Re: primates and sex

Gerold Firl (
22 May 1995 13:22:42 -0700

In article <3pb6v2$> ([Stephanie Fishkin) writes:
> (Gerold Firl) writes:

>>Using this perspective, it is clear that STDs would tend to exist among
>>promiscuous species such as humans and bonobos; among strictly monogamous
>>species such as the gibbons, or solitary species such as orangs, STDs have
>>no transmission mechanism.

>I was thinking of an argument along the lines
>that more monogamous species would be more susceptible to
>STDs than less monogamous primate species (the idea being
>that those more promiscuous species of primates may have
>evolved to be less physically susceptible of STDs -- because
>of wider exposure to them -- than less monogamous ones).
>Sorry if this doesn't make much sense, it's more of a
>not-well-thought-out idea at this stage; I'm just trying to
>track down references.

I can't provide you with references for this issue specifically, though I
would recommend william macneil _plagues and peoples_ for an overview of
the ecology of population and disease together with their historical

Again, I suggest that you need to reverse your idea of causality regarding
the prevalence of STD's in different kinds of populations, and also look at
the co-evolution of diseases and their hosts.

When a disease first takes root within a new host population, it is
extremely virulent, which leads to rapid evolution. When the host dies
quickly, there is a good chance that the disease organisms die with it.
This leads to both an increase in the resistance of the host, and a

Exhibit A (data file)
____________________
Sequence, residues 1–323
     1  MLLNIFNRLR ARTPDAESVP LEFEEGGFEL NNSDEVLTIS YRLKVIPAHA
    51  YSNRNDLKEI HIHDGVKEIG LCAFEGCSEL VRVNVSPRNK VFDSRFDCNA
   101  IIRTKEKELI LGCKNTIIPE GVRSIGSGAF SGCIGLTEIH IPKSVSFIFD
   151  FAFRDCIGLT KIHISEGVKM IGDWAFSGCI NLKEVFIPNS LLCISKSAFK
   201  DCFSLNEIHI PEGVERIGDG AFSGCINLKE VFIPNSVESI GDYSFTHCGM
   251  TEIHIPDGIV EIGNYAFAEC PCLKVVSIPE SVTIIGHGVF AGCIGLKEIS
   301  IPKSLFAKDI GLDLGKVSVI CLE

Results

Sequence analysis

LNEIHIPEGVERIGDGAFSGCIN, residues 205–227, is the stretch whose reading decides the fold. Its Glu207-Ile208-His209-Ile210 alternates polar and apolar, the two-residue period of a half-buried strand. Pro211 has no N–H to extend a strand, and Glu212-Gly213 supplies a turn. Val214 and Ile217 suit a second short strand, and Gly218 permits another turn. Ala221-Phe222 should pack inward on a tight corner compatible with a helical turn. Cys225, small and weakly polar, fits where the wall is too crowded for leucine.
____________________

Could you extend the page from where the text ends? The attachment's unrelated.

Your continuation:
decrease in the virulence of the disease. Eventually, an equilibrium is
formed, where the disease either becomes chronic or disappears altogether.

Keep in mind that diseases are pretty specific to a limited set of target
hosts. Some diseases can live in one of several species, but many are
specialised for only one. For this reason, STD's will not exist in
monogamous species such as the gibbon, though it is possible that an
organism which evolved to use another species as host may be versatile
enough to cross-over.

As far as promiscuous species evolving methods of minimising the risk of
infection from STD's - it's possible. The obvious place to look would be
the mucous membranes of the genitals, since that is the point of entry for
STD's. Bonobos would be the most promiscuous of the primates, so they would
be a natural place to start looking.

Disclaimer claims dat de claims claimed in dis are de claims of meself,
me, and me alone, so sue us god. I won't tell Bill & Dave if you won't.
=-=-=-=-=-=-=-=-=-=-=-=-=-=---- Gerold Firl @ ..hplabs!hp-sdd!geroldf